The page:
Members of Congress introduced sweeping legislation today that would outlaw discrimination against LGBT people under federal law, and the world’s most valuable company is throwing its support behind the bill.
Yes, I'm unlearning decades of muscle memory, but when I started to just think about it like an iPhone, it became incredibly fast and fluid to use. It might be the first trackpad that's as fast and precise as a mouse.
Accessibility rights are human rights. Celebrating 25yrs of the ADA, we’re humbled to improve lives with our products. #ADA25— Tim Cook (@tim_cook) July 24, 2015
Apple will apply an instant credit in the amount of $199.95 to cover the full cost of the Beats Solo 2 On-Ear headphones in gloss black, white, red, blue, gray or pink. Apple is also offering the option to upgrade to Beats Solo2 Wireless On-Ear Headphones in space gray, silver or gold for $100 extra, which is the remaining balance after the $199.95 credit is applied.
Triller is a new iOS app that is trying to turn anyone with an iPhone into a music video director by automating the most difficult part of making any video: the editing process.
There’s a ton of totally vexing behavior that seems to be ill-spirited towards Mac developers, but also a ton that seems to hold iOS developers in low regard. I think this speaks to the likely truth that Apple is, more than anything, under-staffed and not well situated to deploy solutions to both platforms in tandem.
Apple's product assortment is always changing — and it recently scaled down on the number of items it is offering in stores — but the removal doesn't come as a huge surprise as the company looks to promote the incoming flux of HomeKit-enabled devices.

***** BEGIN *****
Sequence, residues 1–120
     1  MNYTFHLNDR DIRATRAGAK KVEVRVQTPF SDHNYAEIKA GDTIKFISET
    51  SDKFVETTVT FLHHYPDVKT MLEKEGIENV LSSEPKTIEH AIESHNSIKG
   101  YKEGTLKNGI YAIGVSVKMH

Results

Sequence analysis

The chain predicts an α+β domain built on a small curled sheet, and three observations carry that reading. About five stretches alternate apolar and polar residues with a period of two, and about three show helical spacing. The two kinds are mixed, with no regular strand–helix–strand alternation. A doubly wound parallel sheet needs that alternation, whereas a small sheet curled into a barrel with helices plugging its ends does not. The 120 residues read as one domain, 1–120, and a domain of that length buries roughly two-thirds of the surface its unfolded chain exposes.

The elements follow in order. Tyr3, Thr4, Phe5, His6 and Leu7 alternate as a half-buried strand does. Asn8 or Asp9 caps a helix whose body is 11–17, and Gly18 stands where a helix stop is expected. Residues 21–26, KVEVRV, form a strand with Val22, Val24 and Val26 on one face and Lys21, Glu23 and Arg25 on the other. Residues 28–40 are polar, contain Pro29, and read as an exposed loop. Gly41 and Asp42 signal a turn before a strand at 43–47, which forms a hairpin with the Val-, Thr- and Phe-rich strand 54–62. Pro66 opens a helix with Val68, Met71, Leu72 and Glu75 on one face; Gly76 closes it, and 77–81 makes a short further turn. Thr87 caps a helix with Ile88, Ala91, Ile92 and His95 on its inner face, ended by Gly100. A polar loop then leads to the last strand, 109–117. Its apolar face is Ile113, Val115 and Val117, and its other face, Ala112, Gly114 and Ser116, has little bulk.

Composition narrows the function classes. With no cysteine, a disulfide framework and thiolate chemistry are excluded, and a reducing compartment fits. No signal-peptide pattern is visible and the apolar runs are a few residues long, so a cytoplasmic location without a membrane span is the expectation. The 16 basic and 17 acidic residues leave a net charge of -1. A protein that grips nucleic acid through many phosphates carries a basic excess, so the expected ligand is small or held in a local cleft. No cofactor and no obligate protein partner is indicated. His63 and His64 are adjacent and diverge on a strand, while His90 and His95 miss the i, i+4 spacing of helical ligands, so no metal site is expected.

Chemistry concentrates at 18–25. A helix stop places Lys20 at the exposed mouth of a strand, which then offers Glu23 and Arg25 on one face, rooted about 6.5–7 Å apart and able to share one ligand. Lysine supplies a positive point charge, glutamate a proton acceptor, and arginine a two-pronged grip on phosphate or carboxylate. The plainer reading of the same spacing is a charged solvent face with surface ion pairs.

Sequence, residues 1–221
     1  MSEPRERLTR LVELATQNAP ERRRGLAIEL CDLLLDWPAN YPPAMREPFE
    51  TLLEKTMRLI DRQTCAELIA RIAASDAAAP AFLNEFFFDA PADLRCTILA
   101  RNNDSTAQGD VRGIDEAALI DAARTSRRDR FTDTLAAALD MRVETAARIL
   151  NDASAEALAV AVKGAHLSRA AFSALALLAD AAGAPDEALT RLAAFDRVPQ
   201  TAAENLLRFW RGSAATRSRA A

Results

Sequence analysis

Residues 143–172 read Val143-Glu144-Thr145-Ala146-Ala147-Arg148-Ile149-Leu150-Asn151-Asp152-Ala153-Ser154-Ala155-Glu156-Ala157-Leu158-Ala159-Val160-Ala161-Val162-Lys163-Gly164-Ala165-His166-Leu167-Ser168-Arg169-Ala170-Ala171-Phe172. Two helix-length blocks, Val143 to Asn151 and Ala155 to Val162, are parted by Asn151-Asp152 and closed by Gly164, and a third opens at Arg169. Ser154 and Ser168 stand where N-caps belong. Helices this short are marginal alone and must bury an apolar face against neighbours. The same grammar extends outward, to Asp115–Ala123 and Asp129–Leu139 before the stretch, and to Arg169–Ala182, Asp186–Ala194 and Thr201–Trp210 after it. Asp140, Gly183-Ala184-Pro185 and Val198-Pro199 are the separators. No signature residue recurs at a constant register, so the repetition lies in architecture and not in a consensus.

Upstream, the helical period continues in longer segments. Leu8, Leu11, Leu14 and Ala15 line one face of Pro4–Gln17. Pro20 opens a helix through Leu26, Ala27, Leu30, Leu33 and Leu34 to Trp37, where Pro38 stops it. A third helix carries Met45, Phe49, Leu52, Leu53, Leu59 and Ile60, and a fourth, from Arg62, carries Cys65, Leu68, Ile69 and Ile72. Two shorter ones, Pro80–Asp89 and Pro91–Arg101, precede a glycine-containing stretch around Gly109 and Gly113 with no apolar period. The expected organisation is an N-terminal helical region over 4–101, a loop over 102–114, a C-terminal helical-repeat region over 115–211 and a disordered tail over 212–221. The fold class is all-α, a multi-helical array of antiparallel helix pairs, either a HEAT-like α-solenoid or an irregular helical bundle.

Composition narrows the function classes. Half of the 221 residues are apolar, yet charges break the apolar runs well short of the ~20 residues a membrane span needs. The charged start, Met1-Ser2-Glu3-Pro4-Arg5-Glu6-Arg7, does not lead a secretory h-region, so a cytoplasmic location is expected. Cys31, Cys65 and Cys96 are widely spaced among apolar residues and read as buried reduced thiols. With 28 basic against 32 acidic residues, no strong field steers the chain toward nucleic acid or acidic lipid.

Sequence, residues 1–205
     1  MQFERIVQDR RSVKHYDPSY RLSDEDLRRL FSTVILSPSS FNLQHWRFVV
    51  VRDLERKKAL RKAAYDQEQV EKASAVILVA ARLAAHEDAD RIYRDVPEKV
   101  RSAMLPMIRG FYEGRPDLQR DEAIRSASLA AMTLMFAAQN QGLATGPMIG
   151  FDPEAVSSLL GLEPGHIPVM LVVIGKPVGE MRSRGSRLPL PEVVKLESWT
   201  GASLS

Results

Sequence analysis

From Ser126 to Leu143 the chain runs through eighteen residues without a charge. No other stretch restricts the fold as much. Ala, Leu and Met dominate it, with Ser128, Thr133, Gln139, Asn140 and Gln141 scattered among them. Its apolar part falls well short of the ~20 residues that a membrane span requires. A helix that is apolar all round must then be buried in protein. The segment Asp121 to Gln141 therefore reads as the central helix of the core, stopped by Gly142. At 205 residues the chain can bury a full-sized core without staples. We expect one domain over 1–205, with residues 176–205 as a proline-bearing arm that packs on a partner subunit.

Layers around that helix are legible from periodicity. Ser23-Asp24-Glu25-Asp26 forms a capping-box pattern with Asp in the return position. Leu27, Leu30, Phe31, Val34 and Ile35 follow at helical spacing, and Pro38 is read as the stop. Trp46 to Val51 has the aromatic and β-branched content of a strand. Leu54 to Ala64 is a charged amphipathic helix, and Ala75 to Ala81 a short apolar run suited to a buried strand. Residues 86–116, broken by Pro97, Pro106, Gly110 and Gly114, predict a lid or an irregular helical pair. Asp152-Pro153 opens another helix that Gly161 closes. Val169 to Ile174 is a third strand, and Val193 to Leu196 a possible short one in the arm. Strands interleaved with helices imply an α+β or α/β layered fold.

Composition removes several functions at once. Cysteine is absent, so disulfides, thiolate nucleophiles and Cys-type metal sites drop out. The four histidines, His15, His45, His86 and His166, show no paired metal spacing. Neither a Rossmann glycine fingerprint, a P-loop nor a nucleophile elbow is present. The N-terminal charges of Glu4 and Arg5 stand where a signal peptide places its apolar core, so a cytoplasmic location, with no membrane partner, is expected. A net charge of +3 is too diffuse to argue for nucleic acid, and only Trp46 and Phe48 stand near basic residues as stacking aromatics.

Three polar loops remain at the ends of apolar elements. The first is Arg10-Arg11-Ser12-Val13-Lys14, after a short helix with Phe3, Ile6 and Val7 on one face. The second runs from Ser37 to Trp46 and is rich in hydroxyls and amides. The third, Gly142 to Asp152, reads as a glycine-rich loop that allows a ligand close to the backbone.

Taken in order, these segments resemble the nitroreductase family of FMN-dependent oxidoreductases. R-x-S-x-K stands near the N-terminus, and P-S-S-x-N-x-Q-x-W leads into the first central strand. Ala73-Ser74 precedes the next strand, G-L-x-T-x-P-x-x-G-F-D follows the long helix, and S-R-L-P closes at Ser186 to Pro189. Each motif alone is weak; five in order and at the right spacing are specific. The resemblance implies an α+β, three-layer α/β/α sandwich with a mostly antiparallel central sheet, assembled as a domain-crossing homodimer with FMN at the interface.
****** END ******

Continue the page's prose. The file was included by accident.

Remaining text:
A federal appeals court in Cincinnati ruled yesterday that somebody who accidentally calls somebody else isn't protected by a right to privacy; whatever the person on the other end hears is fair game. Having a mobile device that everyone knows can trigger calls accidentally means you can be snooped on when the gut-wrenching mistake occurs, the panel of judges decided. Having a butt has never been more dangerous.
In 1984, a researcher named Roger Ulrich noticed a curious pattern among patients who were recovering from gallbladder surgery at a suburban hospital in Pennsylvania. Those who had been given rooms overlooking a small stand of deciduous trees were being discharged almost a day sooner, on average, than those in otherwise identical rooms whose windows faced a wall. The results seemed at once obvious—of course a leafy tableau is more therapeutic than a drab brick wall—and puzzling. Whatever curative property the trees possessed, how were they casting it through a pane of glass?
Cats seem unpredictable until you realize that their primary goal in life is to be on top of warm things. pic.twitter.com/v7Jdj7vIGY— Allen Pike (@apike) July 24, 2015
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